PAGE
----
Have donor registry for IVF to avoid genetic issues

Posed photo of a pregnant woman. PHOTO: ST FILE

Adjunct Associate Professor Tan Heng Hao in his Forum letter said that women receiving egg donation face psychological barriers (Menopausal women seeking IVF: Guidelines being worked out, Sept 28).

It is imperative that new legislation also addresses the psychological and ethical issues faced by sperm or egg donors, and donor-conceived offspring. With the Government lifting age restrictions on in-vitro fertilisation (IVF) treatment, it is anticipated that there will be a steady increase in egg donation cases.

There are strong cultural taboos against incest; as such, sperm/egg donors often worry about accidental incest between their artificially-conceived offspring, as well as with their own natural children. This has deterred many would-be donors and causes a perennial shortage of sperm/egg donors in Singapore, an informal survey by news portal AsiaOne a few years ago showed.

This issue is not trivial, considering the well-documented phenomenon of genetic sexual attraction - sexual attraction between close relatives who first meet as adults. There have been several such reported cases of accidental incest between siblings who were separated at birth and adopted by different families.

Given Singapore's size and high population density, there are even greater chances of accidental incest.

Additionally, personal and familial health information about the sperm/egg donor should be shared. For example, many diseases can be inherited, such as breast cancer and cardiovascular diseases. Sperm/egg donors may develop these diseases later in life, or they may remain healthy, but their close relatives may be afflicted.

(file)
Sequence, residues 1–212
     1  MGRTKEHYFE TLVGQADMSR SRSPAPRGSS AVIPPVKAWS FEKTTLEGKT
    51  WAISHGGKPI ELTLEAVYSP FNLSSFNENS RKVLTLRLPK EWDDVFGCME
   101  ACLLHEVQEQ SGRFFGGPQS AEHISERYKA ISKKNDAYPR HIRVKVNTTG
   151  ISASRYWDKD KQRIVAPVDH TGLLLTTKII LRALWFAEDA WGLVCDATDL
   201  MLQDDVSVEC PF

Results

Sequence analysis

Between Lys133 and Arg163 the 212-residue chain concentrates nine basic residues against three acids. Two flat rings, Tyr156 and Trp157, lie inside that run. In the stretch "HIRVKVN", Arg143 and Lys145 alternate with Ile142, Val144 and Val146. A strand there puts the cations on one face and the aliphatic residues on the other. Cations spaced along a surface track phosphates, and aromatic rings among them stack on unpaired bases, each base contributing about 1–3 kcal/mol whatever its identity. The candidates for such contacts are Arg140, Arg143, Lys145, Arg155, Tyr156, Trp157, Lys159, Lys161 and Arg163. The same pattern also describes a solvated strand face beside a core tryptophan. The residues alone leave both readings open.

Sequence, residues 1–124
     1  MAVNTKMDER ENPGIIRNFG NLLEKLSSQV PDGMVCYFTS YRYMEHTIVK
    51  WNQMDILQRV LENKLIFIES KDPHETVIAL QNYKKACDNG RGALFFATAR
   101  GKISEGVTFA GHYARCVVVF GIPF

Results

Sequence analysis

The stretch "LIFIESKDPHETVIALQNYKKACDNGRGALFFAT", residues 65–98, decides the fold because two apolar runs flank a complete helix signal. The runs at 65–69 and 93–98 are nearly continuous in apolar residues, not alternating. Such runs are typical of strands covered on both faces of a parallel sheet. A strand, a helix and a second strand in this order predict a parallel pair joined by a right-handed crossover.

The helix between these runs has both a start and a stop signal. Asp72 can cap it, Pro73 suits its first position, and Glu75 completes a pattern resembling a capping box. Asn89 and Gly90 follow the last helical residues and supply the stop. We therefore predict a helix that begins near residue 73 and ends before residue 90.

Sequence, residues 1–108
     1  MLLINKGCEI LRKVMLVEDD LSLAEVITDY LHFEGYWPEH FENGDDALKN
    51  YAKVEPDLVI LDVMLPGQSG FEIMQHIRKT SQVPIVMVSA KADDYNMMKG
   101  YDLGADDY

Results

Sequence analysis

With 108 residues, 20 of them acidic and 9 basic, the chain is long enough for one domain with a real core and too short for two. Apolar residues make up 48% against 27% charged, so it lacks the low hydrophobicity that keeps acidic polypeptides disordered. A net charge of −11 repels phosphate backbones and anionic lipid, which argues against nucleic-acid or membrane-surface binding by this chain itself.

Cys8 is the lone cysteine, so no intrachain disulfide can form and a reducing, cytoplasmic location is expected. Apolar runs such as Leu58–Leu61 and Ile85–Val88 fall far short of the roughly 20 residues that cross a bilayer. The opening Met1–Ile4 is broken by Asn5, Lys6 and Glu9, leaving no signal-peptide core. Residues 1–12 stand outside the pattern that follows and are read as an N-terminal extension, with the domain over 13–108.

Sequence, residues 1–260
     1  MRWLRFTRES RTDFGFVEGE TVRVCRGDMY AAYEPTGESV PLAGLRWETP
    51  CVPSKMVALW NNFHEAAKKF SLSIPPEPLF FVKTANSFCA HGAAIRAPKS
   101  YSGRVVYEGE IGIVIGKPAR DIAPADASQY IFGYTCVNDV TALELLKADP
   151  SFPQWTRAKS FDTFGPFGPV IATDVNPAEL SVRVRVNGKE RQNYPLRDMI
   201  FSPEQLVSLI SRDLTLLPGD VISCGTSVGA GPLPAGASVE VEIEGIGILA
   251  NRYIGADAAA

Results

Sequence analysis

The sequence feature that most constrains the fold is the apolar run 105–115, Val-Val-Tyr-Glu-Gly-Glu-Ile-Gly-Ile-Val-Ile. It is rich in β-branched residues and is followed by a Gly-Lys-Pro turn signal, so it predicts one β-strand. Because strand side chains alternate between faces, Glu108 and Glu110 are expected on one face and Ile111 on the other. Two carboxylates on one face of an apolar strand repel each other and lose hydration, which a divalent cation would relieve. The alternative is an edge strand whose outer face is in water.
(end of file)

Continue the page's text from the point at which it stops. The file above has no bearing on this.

Moreover, the advent of DNA home-testing kits and online genealogy databases based on such DNA tests have made it more difficult to conceal from donor offspring the truth about their conception.

Hence the Ministry of Health should set up a centralised sperm and egg donor registry to manage the collection and sharing of such confidential information. Former sperm/egg donors can be prompted to regularly update the registry with their latest health information as well as that of their family members.

Non-identifying information, such as the number of children born per donor, their sex and year of birth, should be readily disclosed to sperm/egg donors, their conceived offspring and recipient parents to avoid accidental incest.

Indeed, this is already standard practice by the Human Fertilisation and Embryology Authority in Britain, and would certainly go a long way in allaying the fears that deter many potential sperm/egg donors.

Alexis Heng Boon Chin (Assoc Prof)

Peking University

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A version of this article appeared in the print edition of The Straits Times on October 03, 2019, with the headline Have donor registry for IVF to avoid genetic issues. Subscribe